Feb 26, 2024 - Energy & Environment

Qatar expands LNG push as the U.S. takes a breath

Illustration of a liquefied natural gas tanker wobbling atop a pointed finger

Illustration: Natalie Peeples/Axios

Qatari officials unveiled plans to further expand its liquefied natural gas export capacity — something that's become a politically charged topic in the United States.

Why it matters: The announcement Sunday is a bet on robust long-term demand driven by Asia.

The latest: State-owned QatarEnergy is adding another 16 million metric tons annually of production by 2030, which would bring its total to 142 by decade's end.

  • "We still think there's a big future for gas for at least 50 years forward and whenever we can technically do more, we'll do more," energy minister and QatarEnergy CEO Saad Sherida Al-Kaabi told reporters in Doha, per Reuters.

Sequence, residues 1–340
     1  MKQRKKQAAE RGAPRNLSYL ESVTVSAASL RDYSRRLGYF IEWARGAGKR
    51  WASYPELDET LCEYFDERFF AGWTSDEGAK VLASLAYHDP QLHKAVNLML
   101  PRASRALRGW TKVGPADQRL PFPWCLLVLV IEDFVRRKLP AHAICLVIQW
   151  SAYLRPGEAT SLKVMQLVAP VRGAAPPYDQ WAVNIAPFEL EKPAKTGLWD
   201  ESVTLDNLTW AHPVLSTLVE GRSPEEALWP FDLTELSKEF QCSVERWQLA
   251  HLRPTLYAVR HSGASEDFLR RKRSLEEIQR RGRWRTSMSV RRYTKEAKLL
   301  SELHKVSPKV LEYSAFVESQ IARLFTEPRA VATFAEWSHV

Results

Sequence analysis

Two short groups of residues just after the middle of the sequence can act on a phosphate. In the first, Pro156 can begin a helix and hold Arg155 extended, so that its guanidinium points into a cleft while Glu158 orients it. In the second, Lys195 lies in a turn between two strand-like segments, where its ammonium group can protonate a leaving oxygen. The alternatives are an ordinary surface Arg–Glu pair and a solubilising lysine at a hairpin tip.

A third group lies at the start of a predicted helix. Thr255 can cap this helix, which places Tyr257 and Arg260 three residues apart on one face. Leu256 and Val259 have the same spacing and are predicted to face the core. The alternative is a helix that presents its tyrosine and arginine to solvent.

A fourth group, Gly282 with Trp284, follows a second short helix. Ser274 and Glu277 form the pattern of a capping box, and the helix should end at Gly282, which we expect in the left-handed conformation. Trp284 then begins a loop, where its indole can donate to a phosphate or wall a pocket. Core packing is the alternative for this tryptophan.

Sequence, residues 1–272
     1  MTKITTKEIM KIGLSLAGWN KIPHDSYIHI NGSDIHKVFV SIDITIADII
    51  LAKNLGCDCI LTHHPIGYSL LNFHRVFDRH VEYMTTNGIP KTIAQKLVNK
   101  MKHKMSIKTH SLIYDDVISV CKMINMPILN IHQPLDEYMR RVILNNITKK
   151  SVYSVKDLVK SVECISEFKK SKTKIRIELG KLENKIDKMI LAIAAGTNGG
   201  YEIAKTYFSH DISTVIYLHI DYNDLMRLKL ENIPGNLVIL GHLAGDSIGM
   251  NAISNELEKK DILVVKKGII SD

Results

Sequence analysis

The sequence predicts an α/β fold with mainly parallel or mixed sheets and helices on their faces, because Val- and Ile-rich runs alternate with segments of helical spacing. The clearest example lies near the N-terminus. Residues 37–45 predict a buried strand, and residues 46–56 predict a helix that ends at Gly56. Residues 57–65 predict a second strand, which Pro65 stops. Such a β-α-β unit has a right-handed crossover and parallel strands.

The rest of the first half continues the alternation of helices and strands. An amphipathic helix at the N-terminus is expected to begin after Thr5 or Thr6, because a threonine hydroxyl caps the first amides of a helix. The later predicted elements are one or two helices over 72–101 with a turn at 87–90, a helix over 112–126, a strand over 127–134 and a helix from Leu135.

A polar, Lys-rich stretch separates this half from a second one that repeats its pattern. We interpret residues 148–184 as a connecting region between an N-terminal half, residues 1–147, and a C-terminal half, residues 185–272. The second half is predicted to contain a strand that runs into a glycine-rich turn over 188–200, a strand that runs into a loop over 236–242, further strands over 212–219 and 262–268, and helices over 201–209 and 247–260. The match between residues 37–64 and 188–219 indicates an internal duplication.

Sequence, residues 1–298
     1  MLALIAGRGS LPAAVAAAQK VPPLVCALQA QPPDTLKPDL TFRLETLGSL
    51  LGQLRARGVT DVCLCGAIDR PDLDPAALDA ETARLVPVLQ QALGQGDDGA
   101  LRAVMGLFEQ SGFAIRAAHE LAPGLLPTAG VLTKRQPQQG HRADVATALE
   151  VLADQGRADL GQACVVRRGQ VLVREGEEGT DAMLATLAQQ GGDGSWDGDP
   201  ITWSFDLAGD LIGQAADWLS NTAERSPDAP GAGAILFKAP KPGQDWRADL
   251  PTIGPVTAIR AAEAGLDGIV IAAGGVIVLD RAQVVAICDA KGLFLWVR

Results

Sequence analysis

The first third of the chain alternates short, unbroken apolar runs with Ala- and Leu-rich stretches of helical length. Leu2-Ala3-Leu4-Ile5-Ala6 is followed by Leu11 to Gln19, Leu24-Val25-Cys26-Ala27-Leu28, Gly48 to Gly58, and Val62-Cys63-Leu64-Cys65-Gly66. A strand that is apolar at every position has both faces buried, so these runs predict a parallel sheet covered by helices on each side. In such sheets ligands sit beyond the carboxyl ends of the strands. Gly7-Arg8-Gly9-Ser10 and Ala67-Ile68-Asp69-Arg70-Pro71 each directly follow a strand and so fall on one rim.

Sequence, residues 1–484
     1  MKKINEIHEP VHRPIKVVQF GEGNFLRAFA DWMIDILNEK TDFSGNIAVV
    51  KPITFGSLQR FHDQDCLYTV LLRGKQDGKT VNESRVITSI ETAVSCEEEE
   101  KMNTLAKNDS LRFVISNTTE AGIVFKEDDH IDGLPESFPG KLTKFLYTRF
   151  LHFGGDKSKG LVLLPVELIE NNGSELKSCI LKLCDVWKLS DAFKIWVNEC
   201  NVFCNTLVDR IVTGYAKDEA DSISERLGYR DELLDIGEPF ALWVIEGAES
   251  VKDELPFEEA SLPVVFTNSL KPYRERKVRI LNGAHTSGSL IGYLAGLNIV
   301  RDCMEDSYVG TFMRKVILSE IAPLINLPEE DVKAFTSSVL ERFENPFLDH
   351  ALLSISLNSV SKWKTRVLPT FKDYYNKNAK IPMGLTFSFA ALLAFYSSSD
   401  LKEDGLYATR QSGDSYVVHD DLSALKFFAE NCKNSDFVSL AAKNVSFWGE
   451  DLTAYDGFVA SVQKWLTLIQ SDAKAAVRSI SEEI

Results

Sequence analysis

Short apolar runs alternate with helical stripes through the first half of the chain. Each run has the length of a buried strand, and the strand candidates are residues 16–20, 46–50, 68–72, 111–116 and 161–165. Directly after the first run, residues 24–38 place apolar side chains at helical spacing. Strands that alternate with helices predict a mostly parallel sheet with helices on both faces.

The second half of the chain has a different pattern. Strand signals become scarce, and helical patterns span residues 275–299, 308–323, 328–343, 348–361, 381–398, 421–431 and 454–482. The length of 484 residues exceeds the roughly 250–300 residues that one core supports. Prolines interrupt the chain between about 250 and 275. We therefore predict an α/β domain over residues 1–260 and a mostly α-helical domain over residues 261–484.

The big picture: The U.S. last year became the world's largest LNG exporter, ahead of Qatar and Australia, with shipments pushing or even exceeding 90 million tons, per various estimates.

Friction point: The White House recently paused new export licenses to major markets to review economic and environmental effects of the U.S. surge.

  • Republicans and a few Democrats have bashed the decision.
  • But Biden officials emphasize that U.S. exports are slated to nearly double by 2030, based on projects already approved and under construction.

What's next: Qatar's move will likely fuel arguments that the U.S. is sacrificing market and geopolitical leverage.

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